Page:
In Conversation With: Victor Collor
We spoke to photographer, restauranteur and tastemaker Victor Collor about Brazilian style and the difference between Carioca and Paulistano style.

Excelling at a multitude of ventures, be that as a photographer, restauranteur, or simply being undeniably stylish, Victor Collor can definitely be given the label of ‘renaissance man’. He was recently elected one of the most well-dressed men in Brazil by GQ Brasil, and he is no stranger to this kind of accolade. We spoke to him to discuss growing up in Brazil, the differenced between Paulistanos and Cariocas, and his formula for dressing well.

How has growing up in Brazil shaped your outlook on life?

I was born in Maceió in the northeast part of Brazil, a completely different reality from the southeast and the big cities such as Rio and São Paulo.
Life in the northeast is more relaxed, less crowded, and with natural “environment” that gives a distinctive perspective. Life up there is way more simple and connected to that is the simplicity of how I used to play; making houses on trees, riding bikes on bumpy roads and making my own toys. That gave me this kind of roots and “back to basics” vision that I keep with me until these days.

What are the differences and similarities between Paulistanos and Cariocas?

I always say that Cariocas made the “Brazilian style” that is exported worldwide. The relaxed beach vibe is everywhere, from a Monday morning jump on the beach before work to a meeting on a sunny Friday afternoon.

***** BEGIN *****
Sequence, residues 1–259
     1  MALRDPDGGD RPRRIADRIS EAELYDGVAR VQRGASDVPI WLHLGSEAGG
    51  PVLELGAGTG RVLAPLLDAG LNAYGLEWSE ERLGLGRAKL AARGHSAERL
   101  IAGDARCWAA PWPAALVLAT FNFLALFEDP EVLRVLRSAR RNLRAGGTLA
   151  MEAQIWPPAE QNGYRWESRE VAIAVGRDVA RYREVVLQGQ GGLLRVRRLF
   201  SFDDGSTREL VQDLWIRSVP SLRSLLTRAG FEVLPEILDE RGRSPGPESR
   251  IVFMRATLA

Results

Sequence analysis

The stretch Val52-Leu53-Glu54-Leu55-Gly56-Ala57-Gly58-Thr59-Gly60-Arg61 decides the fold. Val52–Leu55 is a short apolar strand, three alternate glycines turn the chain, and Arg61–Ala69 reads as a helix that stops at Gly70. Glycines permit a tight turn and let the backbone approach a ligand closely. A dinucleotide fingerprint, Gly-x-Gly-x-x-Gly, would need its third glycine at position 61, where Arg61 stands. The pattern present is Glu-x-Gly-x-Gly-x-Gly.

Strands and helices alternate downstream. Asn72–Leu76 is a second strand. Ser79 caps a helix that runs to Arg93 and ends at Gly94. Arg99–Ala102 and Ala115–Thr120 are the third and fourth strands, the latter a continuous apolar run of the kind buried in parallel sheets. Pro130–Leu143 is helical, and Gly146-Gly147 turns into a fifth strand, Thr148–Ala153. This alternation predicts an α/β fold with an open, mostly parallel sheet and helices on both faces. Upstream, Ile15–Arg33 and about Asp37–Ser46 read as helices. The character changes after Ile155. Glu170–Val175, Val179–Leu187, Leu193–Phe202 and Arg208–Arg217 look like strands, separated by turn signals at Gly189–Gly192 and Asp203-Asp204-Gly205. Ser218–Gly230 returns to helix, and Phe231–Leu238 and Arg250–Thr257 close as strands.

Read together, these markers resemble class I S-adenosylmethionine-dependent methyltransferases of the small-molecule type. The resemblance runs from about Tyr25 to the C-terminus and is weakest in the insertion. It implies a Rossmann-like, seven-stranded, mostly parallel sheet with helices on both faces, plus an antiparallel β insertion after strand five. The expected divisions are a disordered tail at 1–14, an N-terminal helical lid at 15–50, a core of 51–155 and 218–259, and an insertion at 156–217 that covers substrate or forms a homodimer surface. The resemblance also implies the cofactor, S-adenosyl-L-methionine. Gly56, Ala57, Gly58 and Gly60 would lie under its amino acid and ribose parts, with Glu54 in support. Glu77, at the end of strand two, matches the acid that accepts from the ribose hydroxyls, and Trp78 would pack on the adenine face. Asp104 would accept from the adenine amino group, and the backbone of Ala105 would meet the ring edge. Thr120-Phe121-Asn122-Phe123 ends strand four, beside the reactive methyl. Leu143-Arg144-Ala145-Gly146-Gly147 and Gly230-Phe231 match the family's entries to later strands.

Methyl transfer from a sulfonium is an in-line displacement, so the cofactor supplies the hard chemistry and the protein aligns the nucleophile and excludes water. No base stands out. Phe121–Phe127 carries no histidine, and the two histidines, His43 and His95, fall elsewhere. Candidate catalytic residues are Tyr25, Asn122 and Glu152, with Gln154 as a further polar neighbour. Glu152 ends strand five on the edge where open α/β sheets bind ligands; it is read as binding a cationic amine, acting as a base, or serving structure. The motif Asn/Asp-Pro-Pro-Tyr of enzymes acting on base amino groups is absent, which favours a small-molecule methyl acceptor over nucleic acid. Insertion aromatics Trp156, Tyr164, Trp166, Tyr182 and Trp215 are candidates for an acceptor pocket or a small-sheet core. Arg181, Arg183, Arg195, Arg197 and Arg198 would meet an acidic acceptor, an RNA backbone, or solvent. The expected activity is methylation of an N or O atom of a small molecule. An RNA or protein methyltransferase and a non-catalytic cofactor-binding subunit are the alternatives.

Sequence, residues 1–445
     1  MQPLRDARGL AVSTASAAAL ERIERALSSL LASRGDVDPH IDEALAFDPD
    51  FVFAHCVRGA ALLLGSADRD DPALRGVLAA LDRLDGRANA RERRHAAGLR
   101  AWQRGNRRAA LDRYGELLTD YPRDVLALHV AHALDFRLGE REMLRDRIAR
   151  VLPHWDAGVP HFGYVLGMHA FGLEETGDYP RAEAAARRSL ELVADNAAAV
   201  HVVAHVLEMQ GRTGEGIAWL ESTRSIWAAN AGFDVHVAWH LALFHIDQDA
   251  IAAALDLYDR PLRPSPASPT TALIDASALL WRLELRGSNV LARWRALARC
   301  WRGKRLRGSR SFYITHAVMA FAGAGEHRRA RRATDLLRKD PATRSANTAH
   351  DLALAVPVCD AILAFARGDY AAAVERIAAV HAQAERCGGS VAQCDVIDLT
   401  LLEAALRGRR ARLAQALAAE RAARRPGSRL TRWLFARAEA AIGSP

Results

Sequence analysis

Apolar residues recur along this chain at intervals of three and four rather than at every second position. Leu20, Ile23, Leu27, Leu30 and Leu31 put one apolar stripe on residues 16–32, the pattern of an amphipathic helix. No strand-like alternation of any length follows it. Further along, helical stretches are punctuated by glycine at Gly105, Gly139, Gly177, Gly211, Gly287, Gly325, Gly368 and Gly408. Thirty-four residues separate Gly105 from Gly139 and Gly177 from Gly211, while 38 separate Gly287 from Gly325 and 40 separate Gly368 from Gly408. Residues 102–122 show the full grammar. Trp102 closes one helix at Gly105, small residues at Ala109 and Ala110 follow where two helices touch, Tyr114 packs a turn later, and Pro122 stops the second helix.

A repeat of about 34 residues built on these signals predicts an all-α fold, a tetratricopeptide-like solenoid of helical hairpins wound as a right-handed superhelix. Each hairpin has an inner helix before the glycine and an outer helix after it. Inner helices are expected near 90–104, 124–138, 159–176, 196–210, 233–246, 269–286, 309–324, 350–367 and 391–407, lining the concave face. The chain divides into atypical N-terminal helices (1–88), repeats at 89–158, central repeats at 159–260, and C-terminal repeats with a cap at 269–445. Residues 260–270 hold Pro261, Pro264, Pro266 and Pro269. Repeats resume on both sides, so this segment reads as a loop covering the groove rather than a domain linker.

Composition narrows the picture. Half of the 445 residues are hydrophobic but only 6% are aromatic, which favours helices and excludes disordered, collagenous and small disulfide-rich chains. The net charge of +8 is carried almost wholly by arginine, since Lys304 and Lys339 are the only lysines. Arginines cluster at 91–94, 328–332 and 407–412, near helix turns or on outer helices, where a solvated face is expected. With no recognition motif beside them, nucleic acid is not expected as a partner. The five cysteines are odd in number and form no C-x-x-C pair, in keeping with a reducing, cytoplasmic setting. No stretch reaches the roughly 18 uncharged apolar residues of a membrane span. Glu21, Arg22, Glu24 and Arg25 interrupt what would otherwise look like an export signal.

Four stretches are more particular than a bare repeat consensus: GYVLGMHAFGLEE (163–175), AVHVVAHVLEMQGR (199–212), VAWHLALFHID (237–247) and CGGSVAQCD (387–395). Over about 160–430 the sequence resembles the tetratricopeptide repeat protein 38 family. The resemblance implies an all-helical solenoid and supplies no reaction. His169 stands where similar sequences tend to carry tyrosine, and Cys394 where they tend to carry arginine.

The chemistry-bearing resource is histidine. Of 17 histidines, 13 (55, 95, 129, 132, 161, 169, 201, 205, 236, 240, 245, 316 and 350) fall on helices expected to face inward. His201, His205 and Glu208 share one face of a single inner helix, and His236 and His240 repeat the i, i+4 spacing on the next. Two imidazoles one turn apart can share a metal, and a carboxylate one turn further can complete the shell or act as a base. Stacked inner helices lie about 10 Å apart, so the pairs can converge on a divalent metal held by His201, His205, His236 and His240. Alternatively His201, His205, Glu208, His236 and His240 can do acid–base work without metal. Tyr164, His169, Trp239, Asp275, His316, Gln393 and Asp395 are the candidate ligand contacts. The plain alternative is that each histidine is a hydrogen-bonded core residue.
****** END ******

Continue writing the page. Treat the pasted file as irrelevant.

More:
Rio is a vibrant city when it comes to colours, vibe, lifestyle and the whole environment that Frescobol Carioca is in love with it. São Paulo is completely different. It is a more “fast” city, connecting people through what they do. Ultimately, everyone in São Paulo is there for a reason. It’s a huge city with no beaches, no mountains – a real concrete jungle.

I always say that Cariocas made the “Brazilian style” that is exported worldwide. The relaxed beach vibe is everywhere…

Which Brazilian creatives have inspired your own creative endeavours?

I love the Brazilian Modernism when it comes to architecture. At the time, it was the reflection of the cultural effervescence, pushing it to a new level of construction and design. Oscar Niemeyer, Lucio Costa, Vilanova Artigas, Lina Bo Bardi and Sergio Rodrigues are some of the names that I really value.

You were recently elected one of the most well-dressed men and influencers in Brazil by publications such as GQ Brasil. How have you cultivated your sense of style?

Style for me is something subjective. It is not only to the clothes you wear. Of course, it helps, but style is more connected to gestures, the way you live your life, and the way you respect people and differences.
Since I was a young kid, my parents taught me how to behave in different situations, and both of them were always correctly dressed for any occasion, not too less, not too much. This is the kind of information that goes gradually into your mind.

What is your methodology for dressing well?

Dressing well is a mix of how you understand your environment, your body, your references and everything you’ve learned until today.
I love the vintage world and this is something that I always look to. Classics will always be classics, and I like to give a little modern twist to it – small unique details such as vintage watches mixed with some hippie bracelets, a traditional Borsalino hat mixed with old military pieces and so on. The most important thing is to feel comfortable with yourself. Wear what you believe and not what others say you should.

How would you describe the spirit of Brazil?

This is a difficult question due to the size of Brazil. As we say down here, ‘there are many “Brazils” inside Brazil’. But something that connects all Brazilians is the smile on our faces. For example, the way we can easily open up a smile at someone who is lost, or stop you on the street to ask a simple question. Many “gringos” (the way we call foreigners) says that we are a happy nation. It is true, and we also love music!

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